WATCH ABOVE: Interview with Linda Lupini, executive vice president of BC Emergency Health Services
VANCOUVER – On Sunday a 48-year-old man died of cardiac arrest in Skidegate on Haida Gwaii. He was just minutes away from the hospital in Queen Charlotte City but there was no ambulance to take him there. His heart had stopped and he was not able to drive himself to the hospital.
Skidegate band councillor Godfrey Williams waited for an ambulance for almost an hour.
The only paramedics on duty were in Sandspit, which is a ferry ride away.
The lack of ambulance service is a common complaint in the north.
Carol Kulesha, the Mayor of Queen Charlotte City, said sadly, this is nothing new.
She said for example, on Friday there was no ambulance available for their community from 7 a.m. to 6 p.m., and there are none available on Saturday or Sunday.
“It’s a long-term problem we’ve been trying to address for years,” she said.
“It’s a system problem. To be an ambulance attendant, beside the training, that BC Ambulance have been trying to supply, and they have tried to recruit, sometimes successfully, but you are on standby for two dollars an hour,” she added. “You don’t get paid a regular wage unless there’s a call out.”
“So people have to take jobs.”
Linda Lupini, executive vice president of BC Emergency Health Services, which covers the BC Ambulance Service, said what happened is a very tragic situation.
“All of us at BC Ambulance have extended our condolences to the community and family and so on, it’s very tragic and not the outcome we worked so hard to achieve,” she said.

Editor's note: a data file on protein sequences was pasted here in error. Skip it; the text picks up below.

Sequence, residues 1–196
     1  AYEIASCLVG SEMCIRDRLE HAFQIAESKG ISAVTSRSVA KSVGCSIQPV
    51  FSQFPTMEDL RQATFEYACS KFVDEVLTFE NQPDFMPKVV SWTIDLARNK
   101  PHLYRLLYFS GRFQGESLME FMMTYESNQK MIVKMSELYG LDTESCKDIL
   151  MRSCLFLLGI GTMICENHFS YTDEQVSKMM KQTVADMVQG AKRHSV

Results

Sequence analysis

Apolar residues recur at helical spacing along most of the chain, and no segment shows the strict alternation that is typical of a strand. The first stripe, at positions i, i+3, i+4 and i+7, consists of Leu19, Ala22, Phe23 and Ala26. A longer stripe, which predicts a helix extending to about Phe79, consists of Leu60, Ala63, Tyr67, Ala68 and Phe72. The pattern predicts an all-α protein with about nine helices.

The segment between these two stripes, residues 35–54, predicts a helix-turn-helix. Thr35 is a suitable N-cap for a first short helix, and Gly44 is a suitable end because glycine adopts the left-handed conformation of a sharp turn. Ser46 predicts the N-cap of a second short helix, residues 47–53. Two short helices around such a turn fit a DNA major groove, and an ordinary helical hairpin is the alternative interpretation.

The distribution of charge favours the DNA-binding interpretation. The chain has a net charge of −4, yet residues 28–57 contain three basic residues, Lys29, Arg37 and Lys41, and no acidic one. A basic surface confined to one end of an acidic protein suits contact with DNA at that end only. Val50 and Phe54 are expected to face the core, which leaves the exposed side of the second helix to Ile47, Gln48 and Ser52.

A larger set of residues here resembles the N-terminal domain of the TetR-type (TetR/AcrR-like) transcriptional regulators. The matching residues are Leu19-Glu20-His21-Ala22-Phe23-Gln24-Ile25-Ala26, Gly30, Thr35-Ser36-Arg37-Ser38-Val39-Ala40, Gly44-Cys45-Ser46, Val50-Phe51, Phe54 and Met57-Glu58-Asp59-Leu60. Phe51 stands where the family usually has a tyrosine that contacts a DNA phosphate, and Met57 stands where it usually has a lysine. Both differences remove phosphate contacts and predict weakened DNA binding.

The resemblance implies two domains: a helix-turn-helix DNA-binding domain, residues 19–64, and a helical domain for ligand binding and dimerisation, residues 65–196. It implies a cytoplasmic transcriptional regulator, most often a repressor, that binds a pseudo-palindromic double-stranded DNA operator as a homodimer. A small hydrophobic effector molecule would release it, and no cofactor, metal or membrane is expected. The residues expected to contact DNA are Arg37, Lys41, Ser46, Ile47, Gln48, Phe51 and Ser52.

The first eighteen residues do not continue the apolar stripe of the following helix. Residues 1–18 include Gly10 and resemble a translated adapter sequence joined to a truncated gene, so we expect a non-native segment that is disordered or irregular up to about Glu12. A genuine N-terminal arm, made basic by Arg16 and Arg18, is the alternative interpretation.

Lupini added it is very challenging to provide ambulance services to rural and remote communities. “It’s challenging on many levels, from a staffing point of view, it’s difficult. We often have staff that have other important obligations, work obligations, and they’re volunteering to be on call for certain shifts,” she added. “They sometimes have conflicting, other priorities, and book off shifts, it’s challenging to do that. It’s also challenging from a physical point of view, an environmental point of view, in terms of getting people in and out of the communities.”
Kulesha said one of their ambulance attendants in the area had to take a job in a restaurant because it paid more.
Lupini said BC Ambulance is working hard to see if they can redesign the service in northern and rural communities.
“In an ideal world, if we had unlimited resources, we would have full-time paramedics everywhere,” said Lupini. “But there are many many remote communities in British Columbia and it’s really not sustainable to have full-time paramedics everywhere.”
She said they try to use people who are on call, but are also making some agreements and arrangements with other first responders, such as firefighters.
“We’re working really hard to look at these communities and see if we can do this more effectively,” added Lupini.
“I think in the longer term, the real solution to a lot of these problems is to tackle more than one problem. We know that there are doctor shortages, we know that there are other health care worker shortages, and the provincial government Ministry of Health has agreed to add 80 full-time paramedics over the next five years for rural and remote communities and we can enhance their skills so we can make sure they can do more than just wait for an emergency call.”
WATCH: Local doctors and the Mayor of Queen Charlotte City are demanding answers. Julia Foy reports.
© Shaw Media, 2014